Students at Milford High School had plenty to say about the political divide in the country. Fisher Barrie, a senior, spoke on teenage perspectives on politics. “People our age haven’t learned to be healthy with people who aren’t on our side,” Barrie said.” People don’t consider alternate points of view because they’ve thought, ‘This is it.’ They don’t consider other possibilities.”

Barrie noted the effect the internet has had on the change in politics in the last 20 years.: “With the introduction of the internet, people think they know everything now,” Barrie said. “People are a lot more emotional. That’s a major factor behind a lot of people’s feelings.”

Senior Matthew Stewart also attested to the media influence. “We have gotten more politically divided,” Stewart said. “But I think that’s also inflated by the media. There’s been a lot more bias with [the media] more so than the general public…I think social media impacts political thinking in a major way.”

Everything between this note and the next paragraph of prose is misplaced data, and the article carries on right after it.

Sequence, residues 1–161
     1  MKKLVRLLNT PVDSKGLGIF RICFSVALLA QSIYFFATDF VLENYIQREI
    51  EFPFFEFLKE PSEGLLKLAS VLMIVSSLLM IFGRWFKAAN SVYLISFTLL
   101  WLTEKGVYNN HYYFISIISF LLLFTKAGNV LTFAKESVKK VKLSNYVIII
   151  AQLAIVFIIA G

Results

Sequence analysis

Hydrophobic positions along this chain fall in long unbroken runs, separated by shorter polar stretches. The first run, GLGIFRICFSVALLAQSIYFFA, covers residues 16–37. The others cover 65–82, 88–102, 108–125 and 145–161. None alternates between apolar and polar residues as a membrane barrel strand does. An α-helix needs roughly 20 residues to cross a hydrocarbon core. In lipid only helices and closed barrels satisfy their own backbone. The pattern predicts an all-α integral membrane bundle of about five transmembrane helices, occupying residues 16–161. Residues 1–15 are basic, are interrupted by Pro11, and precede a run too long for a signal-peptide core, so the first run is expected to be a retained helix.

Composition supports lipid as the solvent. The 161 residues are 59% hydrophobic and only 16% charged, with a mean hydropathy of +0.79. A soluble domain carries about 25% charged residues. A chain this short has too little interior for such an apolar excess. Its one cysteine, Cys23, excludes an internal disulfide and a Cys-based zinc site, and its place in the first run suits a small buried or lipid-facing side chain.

Seniors Sabrina Girardi and Gabli discussed the generational differences that have heightened over politics. “Since we are teenagers, you’re just viewed as a lesser,” Gabli said “You’re viewed on a different spectrum. They’ll look down on you, and they’re like, ‘you haven’t lived long enough to know your political views or your moral views.’”

“It’s extremely invalidating,” Girardi said.

“It’s so hard to talk to an adult because I don’t know where they’re getting their information from. Is it from Fox News, ABC, or NBC? Where’s their bias?” Gabli continued.